I head west on the M40, settling into middle-lane cruiser mode. I swear the looks on the faces of passengers in passing cars are getting wilder by the moment. But it’s not something that I’m going to spend too long contemplating, because the temptation to
‘Such is its traction that once it “goes”, no lasso big enough yet exists to rein this little bull back in’
drop a cog and obliterate surrounding traffic is always there. I’m in damage-prevention mode, remember.
That’s enough motorway for now, although the A404 south doesn’t result in any less hectic driving approach. At Burchett’s Green roundabout I circumvent Temple Golf Club and head towards the centre of Henley-on-thames. Despite the adrenaline-pounding drive and expected straight-line performance so far, the surprise is how tractable and well-behaved the Lambo is in town. Yes, the lack of assistance ensures it’s hard graft, but it’s perfectly live-with-able, especially given the positive trade-off in feel.
Once parked up on the riverfront, I nip across to The Chocolate Theatre Café for a takeaway double espresso. The return trip gives me my first opportunity to appreciate the sheer expanse of rubber at the Silhouette’s rear. I’d momentarily forgotten that chassis wizards Giampaolo Dallara and Franco Baraldini had designed the car around Pirelli’s brand-new P7 tyre, in hefty 195/50 front and monstrous 285/40 rear 15-inch flavours, giving Bertone – under the guidance of Gandini at the time – certain styling prerequisites. These necessitated the defining squared-off wheelarches and provided the Silhouette with that striking back end – paint this thing black, and you’d almost have the prototype for Batman’s Batmobile in the The Dark Knight.
It’s not only coffee that’s brought me to this waterside spot. I pull out my copy of a 1976 promotional flyer produced by the then-sole UK Lamborghini importer, Berlinetta Italia of Whyteleafe. It’s a little gentler in imagery, even if there are definite soft-core undertones. In the photograph is a Lamborghini Countach LP400 in the same location as our Silhouette, with a forlorn, demure Princess Di type on one side and two ‘okay-yah’ rowing gents on the other. It’s certainly a strange rendezvous; perhaps they were trying to emphasise the clash of cultures.
Never mind; I’ve placed the car almost perfectly with Henley bridge as a backdrop and have my snap for posterity, so time to get out of here. There are no regatta shenanigans today but you never know when one of those chaps may happen along and commission a pair of trousers based on the Lambo’s paintwork.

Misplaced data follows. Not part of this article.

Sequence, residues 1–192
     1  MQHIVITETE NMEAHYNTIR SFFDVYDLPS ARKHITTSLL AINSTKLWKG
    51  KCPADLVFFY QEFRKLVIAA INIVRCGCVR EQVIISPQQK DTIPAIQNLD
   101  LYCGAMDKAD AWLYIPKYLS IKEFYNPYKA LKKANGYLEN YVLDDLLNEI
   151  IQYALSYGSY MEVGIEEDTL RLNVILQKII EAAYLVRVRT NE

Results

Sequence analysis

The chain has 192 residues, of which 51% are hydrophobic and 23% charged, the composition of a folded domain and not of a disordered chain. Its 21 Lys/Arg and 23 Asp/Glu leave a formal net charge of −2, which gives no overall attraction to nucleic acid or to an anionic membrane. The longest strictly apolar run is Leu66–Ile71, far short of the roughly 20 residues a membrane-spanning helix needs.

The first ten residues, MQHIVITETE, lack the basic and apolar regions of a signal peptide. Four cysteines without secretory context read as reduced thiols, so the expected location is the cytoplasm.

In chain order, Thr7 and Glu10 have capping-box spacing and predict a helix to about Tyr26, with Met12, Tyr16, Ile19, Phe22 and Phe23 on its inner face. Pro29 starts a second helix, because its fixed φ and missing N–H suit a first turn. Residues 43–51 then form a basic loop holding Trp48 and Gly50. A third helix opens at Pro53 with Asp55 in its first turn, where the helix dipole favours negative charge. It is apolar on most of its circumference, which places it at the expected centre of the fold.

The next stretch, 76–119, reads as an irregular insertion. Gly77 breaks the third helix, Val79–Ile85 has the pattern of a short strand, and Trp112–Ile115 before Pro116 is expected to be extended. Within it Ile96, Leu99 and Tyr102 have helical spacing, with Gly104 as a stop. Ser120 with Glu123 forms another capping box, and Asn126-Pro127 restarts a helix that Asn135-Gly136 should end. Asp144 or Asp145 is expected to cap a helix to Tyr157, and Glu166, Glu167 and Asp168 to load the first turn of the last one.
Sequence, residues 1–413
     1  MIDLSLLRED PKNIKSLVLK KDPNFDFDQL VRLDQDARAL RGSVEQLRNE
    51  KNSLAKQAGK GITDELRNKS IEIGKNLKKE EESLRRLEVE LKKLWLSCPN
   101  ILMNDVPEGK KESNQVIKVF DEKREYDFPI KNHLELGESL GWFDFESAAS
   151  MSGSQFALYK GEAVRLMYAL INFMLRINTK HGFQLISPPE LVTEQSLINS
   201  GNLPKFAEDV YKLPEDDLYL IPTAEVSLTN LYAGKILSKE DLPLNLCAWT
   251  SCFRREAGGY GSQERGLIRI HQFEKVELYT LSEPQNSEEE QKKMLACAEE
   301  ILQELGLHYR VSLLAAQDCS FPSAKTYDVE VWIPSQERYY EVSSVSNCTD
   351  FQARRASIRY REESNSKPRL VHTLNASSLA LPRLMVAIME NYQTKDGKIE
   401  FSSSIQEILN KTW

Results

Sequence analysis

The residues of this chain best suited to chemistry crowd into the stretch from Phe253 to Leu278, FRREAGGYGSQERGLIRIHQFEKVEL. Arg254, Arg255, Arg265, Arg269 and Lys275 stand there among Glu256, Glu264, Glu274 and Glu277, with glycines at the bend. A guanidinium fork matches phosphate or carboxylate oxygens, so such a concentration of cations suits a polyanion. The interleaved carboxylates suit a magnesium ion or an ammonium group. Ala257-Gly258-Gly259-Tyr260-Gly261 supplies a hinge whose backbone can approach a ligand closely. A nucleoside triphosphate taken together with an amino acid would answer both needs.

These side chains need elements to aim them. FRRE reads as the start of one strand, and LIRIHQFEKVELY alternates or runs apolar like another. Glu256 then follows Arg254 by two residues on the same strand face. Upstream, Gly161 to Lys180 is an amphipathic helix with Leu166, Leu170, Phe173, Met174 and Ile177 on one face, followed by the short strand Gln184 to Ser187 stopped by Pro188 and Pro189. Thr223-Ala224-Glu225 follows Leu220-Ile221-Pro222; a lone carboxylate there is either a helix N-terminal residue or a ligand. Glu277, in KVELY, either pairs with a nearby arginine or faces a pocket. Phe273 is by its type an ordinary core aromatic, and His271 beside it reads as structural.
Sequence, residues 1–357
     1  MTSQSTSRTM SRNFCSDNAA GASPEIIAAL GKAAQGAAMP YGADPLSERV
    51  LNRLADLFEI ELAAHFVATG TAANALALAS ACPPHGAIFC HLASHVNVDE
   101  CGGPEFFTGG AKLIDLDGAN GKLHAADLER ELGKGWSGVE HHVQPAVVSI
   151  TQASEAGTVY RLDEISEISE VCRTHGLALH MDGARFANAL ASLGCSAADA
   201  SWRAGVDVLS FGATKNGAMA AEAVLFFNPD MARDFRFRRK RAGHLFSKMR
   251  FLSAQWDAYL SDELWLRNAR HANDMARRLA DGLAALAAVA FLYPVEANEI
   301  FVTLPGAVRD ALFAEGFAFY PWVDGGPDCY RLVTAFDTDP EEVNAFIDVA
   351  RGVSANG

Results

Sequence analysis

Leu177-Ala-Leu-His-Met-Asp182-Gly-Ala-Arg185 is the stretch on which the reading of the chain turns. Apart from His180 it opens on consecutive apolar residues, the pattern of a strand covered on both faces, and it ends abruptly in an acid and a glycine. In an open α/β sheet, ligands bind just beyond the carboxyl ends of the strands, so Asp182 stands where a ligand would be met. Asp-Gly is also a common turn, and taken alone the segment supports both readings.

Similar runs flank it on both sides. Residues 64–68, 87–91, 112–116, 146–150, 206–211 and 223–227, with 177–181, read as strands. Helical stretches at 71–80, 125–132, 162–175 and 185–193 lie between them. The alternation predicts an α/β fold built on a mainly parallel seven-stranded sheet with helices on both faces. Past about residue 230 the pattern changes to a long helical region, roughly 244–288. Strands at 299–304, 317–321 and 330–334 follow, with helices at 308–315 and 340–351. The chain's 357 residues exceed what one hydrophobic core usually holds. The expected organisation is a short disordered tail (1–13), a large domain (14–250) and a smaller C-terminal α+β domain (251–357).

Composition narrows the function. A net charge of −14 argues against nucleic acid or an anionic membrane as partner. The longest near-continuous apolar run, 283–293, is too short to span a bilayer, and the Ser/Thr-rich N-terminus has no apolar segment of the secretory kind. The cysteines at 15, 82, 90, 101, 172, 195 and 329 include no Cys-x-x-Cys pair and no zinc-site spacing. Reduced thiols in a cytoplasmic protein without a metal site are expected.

Heading north, I’ve passed back under the M40 in no time and find myself tickling the Chilterns. I can’t help expecting this fat-tyred supercar to struggle on narrow country lanes. Not a chance. This is no later Countach or Diablo, cars that could seem like downright overkill up here in the glorious winding countryside. Where a V12 feels like it’s barely ticking over at 70mph, the quad-cam V8 is wondrously flexible and gives you the choice to either work the revs hard in the lower gears, or keep it in third and let the torque take the strain. As a fan of free-revving Italian four-pots I take the former option and it rises aurally to the challenge, both Ansa tailpipes singing harmoniously from my chosen hymn sheet.
Charge into corners and the level of grip is prodigious; epic, even. The steering – heavy initially, becoming lighter at speed – is spot-on under these conditions, responding instantly. Today, I’m far from the car’s limits so it’s neutral through corners; period road tests suggest it to be a fairly benign and controllable beast, but such is the level of traction generated that when it goes, I’ll bet it doesn’t half go. At that point, no lasso big enough yet exists to rein this little bull back in.
All the ingredients are certainly there; brutal looks (the 308 GTB is definitely prettier, but can’t match the Silhouette’s presence) sonorous engine, tenacious roadholding and the first use of those monstrous tyres. So why did it fail?
Lamborghini swung pendulously from financial crisis to fiscal calamity in the late Seventies; the Urraco project had over-extended its resources and sales didn’t meet expectations. Factor in foment in the workplace – Communist Party unions, worker unrest and frequent strikes – and the fact that the 3.0-litre V8 failed to meet California emissions regulations, and the Silhouette was left to die a natural death when the company entered bankruptcy proceedings. If not stillborn, the baby Lambo was definitely in its infancy.
Which is a shame, as it’s a morethan-capable junior supercar, and the longer I spend in its company the more I like it. Thanks to the Urraco’s existing rigid platform chassis, whipping the top off hasn’t overly affected the structure even though the body wasn’t strengthened. And despite my enthusiastic use of speed, there’s been very little wind buffeting.
At Aldbury I stop for a can of refreshment, and even the postmaster of this quaint village can’t resist coming out for a quick look. Then it’s off up to Ivinghoe Beacon National Trust car park to take in the view, and devour my carbonated wares.